If you're buying gifts for children, chances are very good there are games on someone's wish list. But should you buy them those games? Are they just mind candy, capable of rotting kids' brains?
Over the last few years, there's been a lot of research done on the social, emotional, mental and physical benefits of gaming, and the results may surprise you: video games actually have considerable real-world benefits.
More and more, games are designed to be social. In fact 62% of gamers play games with others, either in-person or online, according to the Entertainment SoftwareAssociation. These social games teach kids leadership skills, including delegating responsibility, and working effectively as a team. Research from Ohio State finds that players who engage in cooperative play in games show increased cooperative behavior. Even for violent games, players learn how to control their aggression and work cooperatively, according to research from the University of Gothenburg in Sweden. Those players who work well with others and keep a cool head are rewarded.
And there's evidence from a researcher working with Athabasca University in Canada that suggests video games can be used to help kids actively combat their nightmares. What they found is that people who play games were more likely to have lucid dreams, in which they see themselves outside their own bodies, and the ability to take control of their dreams to change the outcome.
It's probably not a big surprise that games have mental benefits. According to research at the University of Rochester, people who played action-based games made decisions 25% faster than others, without sacrificing accuracy, and can pay attention to more things at once. The Office of NavalResearch has found that games improve the fundamental ability to reason and problem solve in new contexts.
What may be surprising is that kids who play video games scored 23% higher in creative tests involving tasks such as drawing pictures and writing stories, according to MichiganState University.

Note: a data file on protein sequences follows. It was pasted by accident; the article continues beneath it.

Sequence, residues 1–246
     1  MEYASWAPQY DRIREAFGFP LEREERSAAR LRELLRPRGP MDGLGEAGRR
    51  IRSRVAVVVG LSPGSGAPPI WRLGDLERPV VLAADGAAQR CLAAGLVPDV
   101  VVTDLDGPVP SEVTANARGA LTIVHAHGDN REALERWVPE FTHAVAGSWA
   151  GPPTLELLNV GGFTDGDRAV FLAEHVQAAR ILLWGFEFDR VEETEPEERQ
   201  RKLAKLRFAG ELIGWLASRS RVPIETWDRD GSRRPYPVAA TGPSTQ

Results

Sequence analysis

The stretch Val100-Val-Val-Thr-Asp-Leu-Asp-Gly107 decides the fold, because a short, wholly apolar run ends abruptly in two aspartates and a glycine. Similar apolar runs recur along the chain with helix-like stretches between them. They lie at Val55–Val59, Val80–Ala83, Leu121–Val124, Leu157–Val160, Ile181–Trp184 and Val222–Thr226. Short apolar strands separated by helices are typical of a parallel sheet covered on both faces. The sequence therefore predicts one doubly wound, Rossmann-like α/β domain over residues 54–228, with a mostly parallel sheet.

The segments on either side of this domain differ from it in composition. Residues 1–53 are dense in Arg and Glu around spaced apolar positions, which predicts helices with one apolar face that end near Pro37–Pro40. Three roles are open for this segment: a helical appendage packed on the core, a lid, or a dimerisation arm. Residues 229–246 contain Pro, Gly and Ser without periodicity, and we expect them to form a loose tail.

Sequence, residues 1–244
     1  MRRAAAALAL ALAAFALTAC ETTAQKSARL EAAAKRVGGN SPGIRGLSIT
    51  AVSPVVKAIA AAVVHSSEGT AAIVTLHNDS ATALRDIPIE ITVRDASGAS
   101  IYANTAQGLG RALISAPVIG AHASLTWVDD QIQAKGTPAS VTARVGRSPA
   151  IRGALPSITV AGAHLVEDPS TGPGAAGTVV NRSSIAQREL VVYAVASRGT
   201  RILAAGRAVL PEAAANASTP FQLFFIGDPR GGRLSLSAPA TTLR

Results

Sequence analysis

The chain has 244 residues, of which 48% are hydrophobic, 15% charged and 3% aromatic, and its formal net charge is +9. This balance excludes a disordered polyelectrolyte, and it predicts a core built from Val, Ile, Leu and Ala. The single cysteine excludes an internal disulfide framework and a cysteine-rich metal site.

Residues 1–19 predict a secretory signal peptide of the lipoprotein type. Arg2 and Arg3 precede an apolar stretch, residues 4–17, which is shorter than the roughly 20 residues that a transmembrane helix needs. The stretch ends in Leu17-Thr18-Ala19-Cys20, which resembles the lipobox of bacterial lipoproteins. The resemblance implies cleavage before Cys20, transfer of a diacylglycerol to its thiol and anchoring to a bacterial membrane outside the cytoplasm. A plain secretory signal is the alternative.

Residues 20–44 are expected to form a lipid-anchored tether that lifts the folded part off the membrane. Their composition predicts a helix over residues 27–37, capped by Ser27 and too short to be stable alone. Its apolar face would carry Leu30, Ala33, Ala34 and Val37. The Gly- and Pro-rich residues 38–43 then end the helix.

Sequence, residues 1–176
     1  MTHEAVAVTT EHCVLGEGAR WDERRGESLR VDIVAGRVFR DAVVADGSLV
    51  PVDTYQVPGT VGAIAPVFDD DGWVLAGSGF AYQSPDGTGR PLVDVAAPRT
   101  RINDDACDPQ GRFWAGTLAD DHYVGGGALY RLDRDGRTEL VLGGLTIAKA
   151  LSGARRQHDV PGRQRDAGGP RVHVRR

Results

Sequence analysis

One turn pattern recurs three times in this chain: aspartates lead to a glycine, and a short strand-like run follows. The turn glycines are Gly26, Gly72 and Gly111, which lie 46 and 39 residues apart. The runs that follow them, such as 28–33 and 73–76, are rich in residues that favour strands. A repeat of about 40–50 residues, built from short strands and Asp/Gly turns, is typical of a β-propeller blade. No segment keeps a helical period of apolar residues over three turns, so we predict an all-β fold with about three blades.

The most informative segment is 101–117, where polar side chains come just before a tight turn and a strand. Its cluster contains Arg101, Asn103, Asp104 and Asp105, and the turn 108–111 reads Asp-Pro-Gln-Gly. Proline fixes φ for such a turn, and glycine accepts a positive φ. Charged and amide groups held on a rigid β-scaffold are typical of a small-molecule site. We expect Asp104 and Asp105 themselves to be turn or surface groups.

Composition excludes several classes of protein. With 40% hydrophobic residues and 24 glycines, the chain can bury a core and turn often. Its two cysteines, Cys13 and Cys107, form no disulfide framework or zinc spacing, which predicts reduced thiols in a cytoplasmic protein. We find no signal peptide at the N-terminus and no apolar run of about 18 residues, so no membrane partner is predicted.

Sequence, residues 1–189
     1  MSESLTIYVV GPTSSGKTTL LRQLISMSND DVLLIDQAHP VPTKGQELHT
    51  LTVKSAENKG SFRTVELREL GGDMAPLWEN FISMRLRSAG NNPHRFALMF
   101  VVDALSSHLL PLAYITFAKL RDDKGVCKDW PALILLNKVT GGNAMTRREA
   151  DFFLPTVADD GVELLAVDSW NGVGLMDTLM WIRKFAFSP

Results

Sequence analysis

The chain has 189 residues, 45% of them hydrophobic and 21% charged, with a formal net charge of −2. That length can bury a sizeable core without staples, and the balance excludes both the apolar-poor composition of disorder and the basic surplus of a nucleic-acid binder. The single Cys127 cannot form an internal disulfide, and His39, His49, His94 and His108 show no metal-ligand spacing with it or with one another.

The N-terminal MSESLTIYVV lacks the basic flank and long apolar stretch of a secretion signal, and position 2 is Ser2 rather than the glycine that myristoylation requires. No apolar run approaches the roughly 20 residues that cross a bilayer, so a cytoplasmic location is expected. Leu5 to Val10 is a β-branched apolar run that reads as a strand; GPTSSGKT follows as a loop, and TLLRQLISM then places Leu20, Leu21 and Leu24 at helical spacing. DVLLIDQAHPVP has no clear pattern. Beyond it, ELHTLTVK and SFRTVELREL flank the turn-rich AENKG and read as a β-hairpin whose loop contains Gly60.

And then there are the physical benefits. Gamers score faster reaction times, even in situations not involving video games, and have better hand-eye coordination and manual dexterity. Even in preschoolers who play interactive video games, studies out of Deakin University showed better object control motor skills,such as kicking, catching and throwing a ball.
All of this research doesn't mean that all video games are created equal. It can be hard to judge which ones are good—even educational.
The first stop is to check the age rating provided by the ESRB (Entertainment Software Rating Board). The ratings are:
- E for everyone
- E10+ for everyone over the age of 10
- T for teen
- M for mature audiences over the age of 17
- A for adult audiences over 18 years old only
You'll get a few details on the back of the box as to why a game received a particular rating, but there's detailed information on the ESRB website and through mobile apps for iPhone (free) or Android (free).
If you're looking for reviews, head over to Common Sense Media, for younger kids titles, or PluggedIn.com, for titles for tweens and teens. CommonSense Media lets you drill down by age, content, educational benefit and more. PluggedIn .com lets you sort by rating, platform and genre. Both sites paint a clear picture of what your child will experience. I'd also recommend heading over to the big gaming sites, like IGN.com and Gamespot.com, to check out the reviews, comments, trailers and screen shots.
In the end, you know the child you're gifting the best, but arming yourself with the facts can help you make the right choices.